There Is a Solitude of Space

500 Words2 Pages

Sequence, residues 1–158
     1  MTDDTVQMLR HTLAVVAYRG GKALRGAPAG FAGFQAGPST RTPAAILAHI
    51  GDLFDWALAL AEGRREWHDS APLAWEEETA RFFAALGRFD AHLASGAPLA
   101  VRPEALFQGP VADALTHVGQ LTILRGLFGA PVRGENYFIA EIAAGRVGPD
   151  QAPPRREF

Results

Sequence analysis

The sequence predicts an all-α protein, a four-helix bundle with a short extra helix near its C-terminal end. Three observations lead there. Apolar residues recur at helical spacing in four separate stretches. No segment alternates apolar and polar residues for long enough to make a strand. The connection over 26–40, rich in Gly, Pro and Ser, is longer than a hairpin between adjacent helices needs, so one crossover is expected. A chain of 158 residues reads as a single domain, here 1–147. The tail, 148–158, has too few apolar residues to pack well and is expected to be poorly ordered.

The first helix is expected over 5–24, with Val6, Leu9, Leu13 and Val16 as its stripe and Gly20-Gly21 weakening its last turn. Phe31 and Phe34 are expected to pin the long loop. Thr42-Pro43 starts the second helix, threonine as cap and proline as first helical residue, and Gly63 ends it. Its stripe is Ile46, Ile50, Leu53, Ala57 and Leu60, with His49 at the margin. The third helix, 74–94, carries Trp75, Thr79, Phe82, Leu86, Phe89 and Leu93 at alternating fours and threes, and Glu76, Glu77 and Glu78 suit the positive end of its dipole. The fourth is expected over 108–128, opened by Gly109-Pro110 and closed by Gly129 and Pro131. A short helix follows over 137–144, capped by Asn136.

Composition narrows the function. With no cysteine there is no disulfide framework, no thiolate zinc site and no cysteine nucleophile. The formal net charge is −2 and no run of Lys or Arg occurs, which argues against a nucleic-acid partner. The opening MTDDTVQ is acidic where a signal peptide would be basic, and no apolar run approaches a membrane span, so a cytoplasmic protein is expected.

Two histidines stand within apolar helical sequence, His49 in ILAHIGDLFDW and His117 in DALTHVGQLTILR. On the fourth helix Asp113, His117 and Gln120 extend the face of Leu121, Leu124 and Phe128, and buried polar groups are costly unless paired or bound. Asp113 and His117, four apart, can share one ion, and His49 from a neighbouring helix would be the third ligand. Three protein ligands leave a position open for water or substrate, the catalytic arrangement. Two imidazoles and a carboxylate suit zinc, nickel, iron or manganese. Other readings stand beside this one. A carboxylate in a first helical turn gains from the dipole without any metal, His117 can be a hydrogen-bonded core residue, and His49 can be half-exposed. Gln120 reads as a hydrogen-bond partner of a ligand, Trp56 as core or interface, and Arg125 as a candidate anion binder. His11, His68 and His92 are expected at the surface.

"There is a solitude of space A solitude of sea A solitude of death, but these Society shall be Compared with that profounder site" What she's saying in these lines is that society can provide a solitude of space, that in the teeming masses (the sea of humanity), you can find anonymity in the privacy of your home or the fact you can get lost in the crowd...to be alone amongst the many. Then there is the solitude of death, which is a removal from society entirely and the perpetual solitude of the grave...but such a state may lack awareness. So she says that all these types of solitude, when compared with that profounder site, "That polar privacy", which is "A soul admitted to itself" -- you'll find a different kind of solitude...one that possesses "Finite infinity." The key here is a "soul admitted to itself"...meaning when you allow your soul, your inner self, to look inside itself, to truly be "with" itself, you'll understand the true nature of solitude, of being truly alone, without the illusion of being "with" any one or anything thing. Dickinson is being metaphysical here, dealing with a sense of solitude, whether from someone close to her dying, leaving, or simply ignoring what she thinks, says or does. She deals with it by analyzing what being alone is all about, and ends with the realization that we are all alone, and once we understand how alone we really are, will never feel alone when we're amongst others and don't have to be by ourselves, within ourselves, looking at that finite infinity (literary conceit) of space we call the soul. Emily Dickinson is depicting the world within one's mind compared with that of reality. This poem describes a inner loneliness. Dickinson meant we are alone in death: "a soul admitted to finite infinity." Individuals make up society: "solitude of space" As with most of her poems, I think she is talking about
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